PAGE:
"It's funny, he gets to the green and then it's the same thing. He's very detail-oriented," Rahm said of Mickelson. "I'm there listening and I'm like, 'Man, I hope we're never paired together for anything because I can't think like this. I would not be able to play golf like that. But for me to listen to all that is really fun."

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DJ changes tune on golf ball distance debate

By Will GrayJanuary 17, 2018, 9:16 pm

World No. 1 Dustin Johnson is already one of the longest hitters in golf, so he's not looking for any changes to be made to golf ball technology - despite comments from him that hinted at just such a notion two months ago.

Johnson is in the Middle East this week for the Abu Dhabi HSBC Championship, and he told BBC Sport Wednesday that he wouldn't be in favor of making changes to the golf ball in order to remedy some of the eye-popping distances players are hitting the ball with ever-increasing frequency.

"It's not like we are dominating golf courses," Johnson said. "When was the last time you saw someone make the game too easy? I don't really understand what all the debate is about because it doesn't matter how far it goes; it is about getting it in the hole."

Johnson's rhetorical question might be answered simply by looking back at his performance at the Sentry Tournament of Champions earlier this month, an eight-shot romp that featured a tee shot on the 433-yard 12th hole that bounded down a slope to within inches of the hole.

Johnson appeared much more willing to consider a reduced-distance ball option at the Hero World Challenge in November, when he sat next to tournament host Tiger Woods and supported Woods' notion that the ball should be addressed.

"I don't mind seeing every other professional sport, they play with one ball. All the pros play with the same ball," Johnson said. "In baseball, the guys that are bigger and stronger, they can hit a baseball a lot further than the smaller guys. ... I think there should be some kind of an advantage for guys who work on hitting it far and getting that speed that's needed, so having a ball, like the same ball that everyone plays, there's going to be, you're going to have more of an advantage."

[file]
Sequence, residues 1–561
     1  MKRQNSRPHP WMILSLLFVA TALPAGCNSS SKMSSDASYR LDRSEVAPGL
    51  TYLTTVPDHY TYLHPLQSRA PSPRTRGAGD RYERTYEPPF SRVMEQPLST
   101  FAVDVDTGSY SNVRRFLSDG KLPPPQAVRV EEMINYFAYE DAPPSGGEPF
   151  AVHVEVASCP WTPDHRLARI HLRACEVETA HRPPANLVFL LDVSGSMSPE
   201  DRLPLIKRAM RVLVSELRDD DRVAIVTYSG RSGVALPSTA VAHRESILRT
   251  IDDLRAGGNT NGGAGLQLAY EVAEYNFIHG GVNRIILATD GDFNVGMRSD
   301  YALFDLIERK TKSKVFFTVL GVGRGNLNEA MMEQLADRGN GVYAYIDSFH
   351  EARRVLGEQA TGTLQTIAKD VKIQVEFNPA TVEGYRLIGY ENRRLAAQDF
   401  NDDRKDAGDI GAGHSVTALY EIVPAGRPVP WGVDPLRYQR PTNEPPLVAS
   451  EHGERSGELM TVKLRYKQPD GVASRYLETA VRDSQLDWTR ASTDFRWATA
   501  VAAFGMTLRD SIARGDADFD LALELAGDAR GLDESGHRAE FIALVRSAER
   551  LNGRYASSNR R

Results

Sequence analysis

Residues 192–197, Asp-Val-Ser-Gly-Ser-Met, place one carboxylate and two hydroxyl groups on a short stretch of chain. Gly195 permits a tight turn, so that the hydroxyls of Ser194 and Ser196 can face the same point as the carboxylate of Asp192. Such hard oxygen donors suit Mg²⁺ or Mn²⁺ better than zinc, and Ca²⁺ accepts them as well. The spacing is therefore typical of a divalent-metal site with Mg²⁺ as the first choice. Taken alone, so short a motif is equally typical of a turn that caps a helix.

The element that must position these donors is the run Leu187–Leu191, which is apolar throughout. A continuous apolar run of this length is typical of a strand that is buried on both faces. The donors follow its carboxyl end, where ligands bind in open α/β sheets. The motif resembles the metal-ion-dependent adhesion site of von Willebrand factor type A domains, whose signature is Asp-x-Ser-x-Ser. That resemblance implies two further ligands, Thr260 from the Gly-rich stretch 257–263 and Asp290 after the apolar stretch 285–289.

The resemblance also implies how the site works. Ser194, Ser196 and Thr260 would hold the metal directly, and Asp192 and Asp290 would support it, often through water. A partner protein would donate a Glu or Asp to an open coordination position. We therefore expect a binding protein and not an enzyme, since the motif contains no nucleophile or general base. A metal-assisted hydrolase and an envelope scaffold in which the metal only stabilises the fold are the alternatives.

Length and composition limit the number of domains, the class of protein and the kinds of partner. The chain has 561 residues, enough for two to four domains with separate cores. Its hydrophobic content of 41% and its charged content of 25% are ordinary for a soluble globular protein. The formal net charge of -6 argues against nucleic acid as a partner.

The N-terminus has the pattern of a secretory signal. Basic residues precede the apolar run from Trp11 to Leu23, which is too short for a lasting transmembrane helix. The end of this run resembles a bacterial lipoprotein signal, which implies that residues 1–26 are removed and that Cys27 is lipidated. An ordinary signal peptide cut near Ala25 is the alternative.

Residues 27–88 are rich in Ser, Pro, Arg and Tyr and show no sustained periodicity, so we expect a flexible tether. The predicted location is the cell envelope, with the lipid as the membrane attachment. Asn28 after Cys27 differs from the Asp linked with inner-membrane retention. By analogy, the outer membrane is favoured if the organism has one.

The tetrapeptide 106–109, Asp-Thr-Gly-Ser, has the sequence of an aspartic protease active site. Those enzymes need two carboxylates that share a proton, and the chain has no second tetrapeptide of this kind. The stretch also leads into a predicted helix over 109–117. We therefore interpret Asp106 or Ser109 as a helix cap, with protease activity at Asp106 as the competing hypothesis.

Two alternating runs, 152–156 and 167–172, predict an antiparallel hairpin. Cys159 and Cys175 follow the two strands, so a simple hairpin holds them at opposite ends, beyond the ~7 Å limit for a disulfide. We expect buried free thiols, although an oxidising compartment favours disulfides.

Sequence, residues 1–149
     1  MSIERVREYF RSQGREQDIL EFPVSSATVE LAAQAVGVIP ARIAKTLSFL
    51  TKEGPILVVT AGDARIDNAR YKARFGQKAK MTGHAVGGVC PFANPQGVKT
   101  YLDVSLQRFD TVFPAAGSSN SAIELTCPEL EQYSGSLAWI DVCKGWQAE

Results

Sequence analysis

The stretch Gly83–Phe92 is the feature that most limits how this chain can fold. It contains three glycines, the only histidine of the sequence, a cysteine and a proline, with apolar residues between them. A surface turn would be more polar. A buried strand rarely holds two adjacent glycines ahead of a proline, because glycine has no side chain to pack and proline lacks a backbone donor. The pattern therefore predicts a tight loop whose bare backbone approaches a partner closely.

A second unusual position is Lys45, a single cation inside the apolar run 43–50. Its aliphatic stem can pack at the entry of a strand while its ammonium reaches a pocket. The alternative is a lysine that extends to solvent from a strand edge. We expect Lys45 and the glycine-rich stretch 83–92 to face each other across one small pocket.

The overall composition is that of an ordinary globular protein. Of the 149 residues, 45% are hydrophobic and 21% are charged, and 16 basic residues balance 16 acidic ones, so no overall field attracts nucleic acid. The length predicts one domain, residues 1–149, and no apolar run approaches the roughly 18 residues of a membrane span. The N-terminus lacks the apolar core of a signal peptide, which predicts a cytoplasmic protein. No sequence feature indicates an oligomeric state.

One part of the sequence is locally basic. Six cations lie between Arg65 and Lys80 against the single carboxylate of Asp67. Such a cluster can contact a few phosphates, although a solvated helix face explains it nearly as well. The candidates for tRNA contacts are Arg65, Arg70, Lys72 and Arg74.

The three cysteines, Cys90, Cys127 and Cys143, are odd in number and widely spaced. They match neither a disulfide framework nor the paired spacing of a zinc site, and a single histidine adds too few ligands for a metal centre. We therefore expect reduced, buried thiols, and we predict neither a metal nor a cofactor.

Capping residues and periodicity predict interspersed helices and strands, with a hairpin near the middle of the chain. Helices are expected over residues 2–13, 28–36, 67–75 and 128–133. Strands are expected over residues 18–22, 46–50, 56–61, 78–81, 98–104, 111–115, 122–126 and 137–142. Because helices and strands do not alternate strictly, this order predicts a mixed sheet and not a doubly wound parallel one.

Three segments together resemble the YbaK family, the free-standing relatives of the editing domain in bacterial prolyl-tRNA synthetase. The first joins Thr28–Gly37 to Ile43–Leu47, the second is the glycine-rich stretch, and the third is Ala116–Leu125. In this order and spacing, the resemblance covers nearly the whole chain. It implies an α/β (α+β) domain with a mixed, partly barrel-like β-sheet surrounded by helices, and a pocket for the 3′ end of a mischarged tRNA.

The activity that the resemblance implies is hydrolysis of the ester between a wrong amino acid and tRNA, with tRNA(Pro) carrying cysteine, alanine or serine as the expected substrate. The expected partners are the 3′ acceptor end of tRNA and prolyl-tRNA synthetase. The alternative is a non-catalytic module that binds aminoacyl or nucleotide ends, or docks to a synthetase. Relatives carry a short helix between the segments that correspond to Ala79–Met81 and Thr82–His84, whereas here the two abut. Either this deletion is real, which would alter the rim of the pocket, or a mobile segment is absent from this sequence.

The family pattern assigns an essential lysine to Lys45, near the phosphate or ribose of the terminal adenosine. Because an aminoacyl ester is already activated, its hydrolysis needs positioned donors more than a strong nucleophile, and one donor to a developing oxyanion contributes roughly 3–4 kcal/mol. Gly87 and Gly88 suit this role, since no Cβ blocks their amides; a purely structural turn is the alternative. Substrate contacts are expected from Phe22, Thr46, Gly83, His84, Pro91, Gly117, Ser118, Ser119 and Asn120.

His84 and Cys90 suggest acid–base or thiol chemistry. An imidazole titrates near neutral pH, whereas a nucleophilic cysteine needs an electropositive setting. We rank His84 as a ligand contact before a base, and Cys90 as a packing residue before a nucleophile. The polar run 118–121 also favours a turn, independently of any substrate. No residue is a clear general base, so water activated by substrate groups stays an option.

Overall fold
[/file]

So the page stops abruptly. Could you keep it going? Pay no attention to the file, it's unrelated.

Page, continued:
Speaking Wednesday in Abu Dhabi, Johnson stood by the notion that regardless of whether the rules change or stay the same, he plans to have a leg up on the competition.

"If the ball is limited then it is going to limit everyone," he said. "I'm still going to hit it that much further than I guess the average Tour player."

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LPGA lists April date for new LA event

By Golf Channel DigitalJanuary 17, 2018, 8:18 pm

The LPGA’s return to Los Angeles will come with the new Hugel-JTBC Open being played at Wilshire Country Club April 19-22, the tour announced Wednesday.

When the LPGA originally released its schedule, it listed the Los Angeles event with the site to be announced at a later date.

The Hugel-JTBC Open will feature a 144-player field and a $1.5 million purse. It expands the tour’s West Coast swing, which will now be made up of four events in California in March and April.

The LPGA last played in Los Angeles in 2005. Wilshire Country Club hosted The Office Depot in 2001, with Annika Sorenstam winning there.